Author: Dinah Jeffries
Type of book: Ceylon, England, America, tea plantation, 1913, 1925-1934, secrets, Sinhalese, Tamil, workers, wills, first marriages, Great Depression, childhood, manipulation, blackmail
Year it was published: 2015
In this lush, sexy, atmospheric page-turner, a young Englishwoman, 19-year-old Gwendolyn, marries a rich and seductively mysterious widower, Laurence Hooper, after a whirlwind romance in London. When she joins him at his Ceylon tea plantation, she's certain she'll be the perfect wife and, someday, mother. But life in Ceylon is not what Gwen expected. The plantation workers are resentful, the neighbors, and her new sister-in-law, treacherous. Gwen finds herself drawn to a Singhalese man of questionable intentions and worries about the propriety of her husband's connection to an American widow. But most troubling are the terrible secrets in Laurence's past that soon come to light and force Gwen to make a devastating choice. What happened to his first wife? And will the darkness of his past destroy their marriage and Gwen's chance at happiness? Set in rich and exotic 1920s Ceylon, The Tea Planter's Wife is an utterly engrossing, compulsive page-turner that climaxes with more than one heartbreaking twist.
There are quite a few main characters: one is Gwen, a young woman from England who came to settle down in Ceylon. She definitely has a big heart and often tries to see people as people rather than as skin colors. She is very emotional, a little bit unstable and naive. Her husband, Laurence, is older than she by more than ten years. He has previously been married but has secrets of his own that he refuses to share with Gwen. There is also Verity, Laurence's sister who seems only to live to mess things up for Gwen and Laurence. I'll be honest in saying I never liked Verity. Savi Ravasinghee is a talented artist of Ceylonese ancestry who may or may not have done the unthinkable.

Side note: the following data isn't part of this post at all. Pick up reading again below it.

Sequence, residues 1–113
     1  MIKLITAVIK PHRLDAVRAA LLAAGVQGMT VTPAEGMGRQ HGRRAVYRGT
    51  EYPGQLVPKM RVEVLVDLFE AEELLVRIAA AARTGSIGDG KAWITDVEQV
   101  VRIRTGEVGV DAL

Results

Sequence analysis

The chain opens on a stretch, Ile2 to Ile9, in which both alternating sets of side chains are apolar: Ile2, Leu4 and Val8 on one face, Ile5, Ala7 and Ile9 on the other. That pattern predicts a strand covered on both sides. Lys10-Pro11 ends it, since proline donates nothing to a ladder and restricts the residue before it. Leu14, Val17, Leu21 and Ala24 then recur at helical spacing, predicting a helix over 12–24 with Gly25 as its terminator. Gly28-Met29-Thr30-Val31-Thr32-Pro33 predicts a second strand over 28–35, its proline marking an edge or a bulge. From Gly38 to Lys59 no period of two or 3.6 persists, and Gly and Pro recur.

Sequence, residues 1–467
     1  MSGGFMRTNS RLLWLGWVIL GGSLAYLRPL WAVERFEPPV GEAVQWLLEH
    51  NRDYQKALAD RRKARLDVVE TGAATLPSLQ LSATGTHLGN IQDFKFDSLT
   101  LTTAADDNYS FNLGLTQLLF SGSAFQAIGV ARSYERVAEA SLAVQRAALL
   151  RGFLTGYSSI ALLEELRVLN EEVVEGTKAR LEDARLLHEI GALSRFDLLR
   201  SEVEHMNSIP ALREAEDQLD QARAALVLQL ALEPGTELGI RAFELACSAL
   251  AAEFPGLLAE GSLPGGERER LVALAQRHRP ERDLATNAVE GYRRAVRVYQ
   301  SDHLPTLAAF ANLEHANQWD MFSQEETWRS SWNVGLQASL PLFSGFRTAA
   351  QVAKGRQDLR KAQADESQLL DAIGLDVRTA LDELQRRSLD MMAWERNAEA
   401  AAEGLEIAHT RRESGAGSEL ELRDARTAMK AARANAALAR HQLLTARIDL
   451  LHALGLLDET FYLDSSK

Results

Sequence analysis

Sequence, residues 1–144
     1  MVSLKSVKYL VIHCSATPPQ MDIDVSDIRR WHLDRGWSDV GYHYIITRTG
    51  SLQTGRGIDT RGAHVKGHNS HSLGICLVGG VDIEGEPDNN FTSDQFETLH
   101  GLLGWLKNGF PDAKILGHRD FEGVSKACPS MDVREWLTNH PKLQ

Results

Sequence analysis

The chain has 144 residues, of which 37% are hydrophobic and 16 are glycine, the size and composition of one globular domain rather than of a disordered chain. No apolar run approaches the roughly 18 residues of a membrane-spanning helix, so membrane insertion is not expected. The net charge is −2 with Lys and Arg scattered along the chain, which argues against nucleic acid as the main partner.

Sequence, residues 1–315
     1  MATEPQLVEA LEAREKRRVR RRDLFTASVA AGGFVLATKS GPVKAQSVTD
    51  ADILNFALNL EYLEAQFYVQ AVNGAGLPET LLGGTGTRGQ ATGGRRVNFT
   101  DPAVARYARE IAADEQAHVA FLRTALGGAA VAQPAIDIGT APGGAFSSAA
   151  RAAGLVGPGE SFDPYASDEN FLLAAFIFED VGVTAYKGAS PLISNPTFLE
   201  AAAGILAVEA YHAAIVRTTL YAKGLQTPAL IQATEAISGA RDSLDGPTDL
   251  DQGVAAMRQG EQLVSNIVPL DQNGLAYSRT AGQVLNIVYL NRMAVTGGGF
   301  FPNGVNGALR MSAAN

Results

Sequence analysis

Secrets will never be hidden forever
The story is in third person narrative completely from Gwen's point of view. (I should note that Gwen's name is Gwendolyn, a character known as the good witch from the Wizard of Oz.) and right away it starts in 1913 with a mysterious woman taking up the baby and walking away from the house. Then the story picks up twelve years later with Gwen's arrival to Ceylon and focuses on how she establishes herself as mistress of plantation and the burdens and secrets she carries after her children are born. The story and the plot are strong and move the reader along. It's a book of balance where all parts work together to make a great whole.
(From book jacket)
Dinah Jeffries lives in Gloucestershire with her husband and Norfolk terrier. The Tea Planter's Wife spent sixteen weeks on bestseller lists in the UK. It has been published in nineteen countries worldwide.
I love reading books that take place in locales that are not as well known as the typical Europe/North America, and if there is history in the story, well it makes the story very compelling for me. Normally as well, whenever I read a book, I can instantly find comparisons to previous books I've read, but this is the first time I'm feeling stumped as to what book, if any, reminds me of The Tea Planter's Wife? In truth, it's a unique book, and there isn't a book that reminds me of it. The story has equal amounts of tension and realism weaved into the pages, and it seems as if the author has found a perfect balance between details and character development. The characters are very memorable, and it's definitely a unique spin on what happens when a dark skinned child is born to white parents? (Although I hadn't reviewed it, at one point I recall reading The Sacrifice of Tamar by Naomi Ragen and it dealt a little bit with a similar issue.)
This is for Blogging for Books
4 out of 5
(0: Stay away unless a masochist 1: Good for insomnia 2: Horrible but readable; 3: Readable and quickly forgettable, 4: Good, enjoyable 5: Buy it, keep it and never let it go.)